top of page

To navigate to a specific artist:

John Everett Millais


John Everett Millais, Ophelia, 1851–1852

A specific source of inspiration for me is Millais' painting Ophelia, taken from Shakespeare's Hamlet. The painting depicts Ophelia after her descent into madness following the death of her father. This painting at the Tate Britain has a powerful presence it is both sickeningly beautiful and terrible, a juxtaposition that invites questions about what madness really looks like. Even these many years ago it was still something that was being glamourised. To be able to make a terrible death look so visually alluring and romanticised is thought provoking. My interest in poetry as being a prompt for paintings stemmed from my exploration of Pre-Raphaelite art. The passage from Hamlet reads:  

"There, on the pendent boughs her coronet weeds
Clambering to hang, an envious sliver broke;
When down her weedy trophies and herself
Fell in the weeping brook. Her clothes spread wide,
And, mermaid-like, awhile they bore her up;
Which time she chanted snatches of old tunes,
As one incapable of her own distress,
Or like a creature native and indued
Unto that element; but long it could not be
Till that her garments, heavy with their drink,
Pull'd the poor wretch from her melodious lay
To muddy death."
(Shakespeare, 1948, 112)



I am drawn to Caravaggio's use of chiaroscuro that creates the dark theatricality that comes through in all of his work. I am interested in creating a similar effect with my body of work by using strong lighting effects on my figurative subjects to stimulate a sense of mystery and darkness.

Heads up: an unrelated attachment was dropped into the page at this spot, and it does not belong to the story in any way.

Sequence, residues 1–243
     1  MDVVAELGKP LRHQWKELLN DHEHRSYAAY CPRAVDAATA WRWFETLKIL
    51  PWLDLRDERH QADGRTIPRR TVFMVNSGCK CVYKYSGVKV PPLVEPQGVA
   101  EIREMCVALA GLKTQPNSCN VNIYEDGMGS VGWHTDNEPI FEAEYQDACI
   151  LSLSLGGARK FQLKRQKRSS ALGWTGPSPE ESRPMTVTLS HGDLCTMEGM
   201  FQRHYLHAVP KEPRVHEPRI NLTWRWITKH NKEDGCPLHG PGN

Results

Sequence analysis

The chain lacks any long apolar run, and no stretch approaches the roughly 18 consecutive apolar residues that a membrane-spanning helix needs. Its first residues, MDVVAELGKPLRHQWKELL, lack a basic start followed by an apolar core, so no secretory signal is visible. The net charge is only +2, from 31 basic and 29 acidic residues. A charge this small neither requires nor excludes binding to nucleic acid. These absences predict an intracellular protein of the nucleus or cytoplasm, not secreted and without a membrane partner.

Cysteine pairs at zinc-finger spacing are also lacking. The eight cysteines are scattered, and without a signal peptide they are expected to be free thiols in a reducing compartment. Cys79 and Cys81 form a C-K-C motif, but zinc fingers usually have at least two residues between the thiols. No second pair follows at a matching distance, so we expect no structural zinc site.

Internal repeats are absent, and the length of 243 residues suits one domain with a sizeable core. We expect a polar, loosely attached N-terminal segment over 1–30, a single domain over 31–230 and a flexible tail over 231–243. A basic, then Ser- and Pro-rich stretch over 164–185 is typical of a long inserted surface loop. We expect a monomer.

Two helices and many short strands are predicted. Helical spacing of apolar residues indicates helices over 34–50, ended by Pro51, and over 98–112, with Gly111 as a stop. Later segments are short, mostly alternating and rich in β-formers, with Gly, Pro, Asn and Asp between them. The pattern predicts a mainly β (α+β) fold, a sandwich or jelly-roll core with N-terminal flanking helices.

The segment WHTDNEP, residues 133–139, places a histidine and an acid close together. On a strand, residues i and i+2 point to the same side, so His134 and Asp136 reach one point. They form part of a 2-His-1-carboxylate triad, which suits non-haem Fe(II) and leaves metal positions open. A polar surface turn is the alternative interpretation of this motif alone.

David with the Head of Goliath is a

David with the Head of Goliath, 1610, Caravaggio


William Morris

I look to William Morris for his intricate textile designs. I view his patterns as a form of organised chaos. There is something playful yet overwhelming about them that becomes alluring and almost hypnotic for the viewer. I create patterns with a similar aesthetic to his, as I also look into the meanings of specific flowers and animals in my designs. In past work I have embedded Morris' original patterns into my compositions as a way of merging old aesthetic values with contemporary subjects, however I have found that when designing my own patterns I can make make them more relevant to the theme of anxiety as I can apply specific symbolisms relevant to the themes I'm working with. I have found a correlation between patterns and anxiety, as they are both repetitious in nature; the patterns repeat the same imagery over and over again, and anxiety is the repetition of unhelpful thoughts in ones mind. Therefore I am exploiting pattern as a means of characterising anxiety.   

William Morris, Wreath Wallpaper, 1919


I mainly refer to Ruben's painting for his technical treatment of the figure. The over-exaggeration of warm and cool skin tones make his figures seem otherworldly which is an effect I am interesting in achieving in my work. On a purely technical level, it excites me to attempt to merge this pastel quality with chiaroscuro, and see how the styles interact with each other. 

Rubens, Lamentation (Christ in the Straw), detail,1618


Aleah Chapin

Aleah Chapin is a contemporary figurative painter who captures images of women from her live she refers to as her "Aunties". I also exclusively paint women from my life as I feel a certain level of comfort and intimacy that helps me to capture their exact likenesses. Chapin also titles her works with mysterious evocative language that sounds poetic, and gives the work additional context.

Aleah Chapin, We Held the Mountains on our Shoulders, 2018/19


Shakespeare, W. (1948) in Hamlet. Cambridge: University Press, p. 112.

bottom of page